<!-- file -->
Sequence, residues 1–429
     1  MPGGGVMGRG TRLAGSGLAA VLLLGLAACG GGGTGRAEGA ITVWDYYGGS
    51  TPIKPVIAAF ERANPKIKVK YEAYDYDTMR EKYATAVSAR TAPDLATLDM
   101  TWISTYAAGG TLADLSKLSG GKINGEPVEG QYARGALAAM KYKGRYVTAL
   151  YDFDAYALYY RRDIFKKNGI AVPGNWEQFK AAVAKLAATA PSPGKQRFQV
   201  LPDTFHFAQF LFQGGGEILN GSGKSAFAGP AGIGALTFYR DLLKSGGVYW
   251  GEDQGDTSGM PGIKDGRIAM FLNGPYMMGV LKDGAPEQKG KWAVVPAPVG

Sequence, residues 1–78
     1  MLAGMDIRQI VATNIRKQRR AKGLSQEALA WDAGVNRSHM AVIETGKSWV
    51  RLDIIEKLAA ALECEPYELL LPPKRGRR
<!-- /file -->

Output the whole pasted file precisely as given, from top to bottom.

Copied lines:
Sequence, residues 1–429
     1  MPGGGVMGRG TRLAGSGLAA VLLLGLAACG GGGTGRAEGA ITVWDYYGGS
    51  TPIKPVIAAF ERANPKIKVK YEAYDYDTMR EKYATAVSAR TAPDLATLDM
   101  TWISTYAAGG TLADLSKLSG GKINGEPVEG QYARGALAAM KYKGRYVTAL
   151  YDFDAYALYY RRDIFKKNGI AVPGNWEQFK AAVAKLAATA PSPGKQRFQV
   201  LPDTFHFAQF LFQGGGEILN GSGKSAFAGP AGIGALTFYR DLLKSGGVYW
   251  GEDQGDTSGM PGIKDGRIAM FLNGPYMMGV LKDGAPEQKG KWAVVPAPVG

Sequence, residues 1–78
     1  MLAGMDIRQI VATNIRKQRR AKGLSQEALA WDAGVNRSHM AVIETGKSWV
    51  RLDIIEKLAA ALECEPYELL LPPKRGRR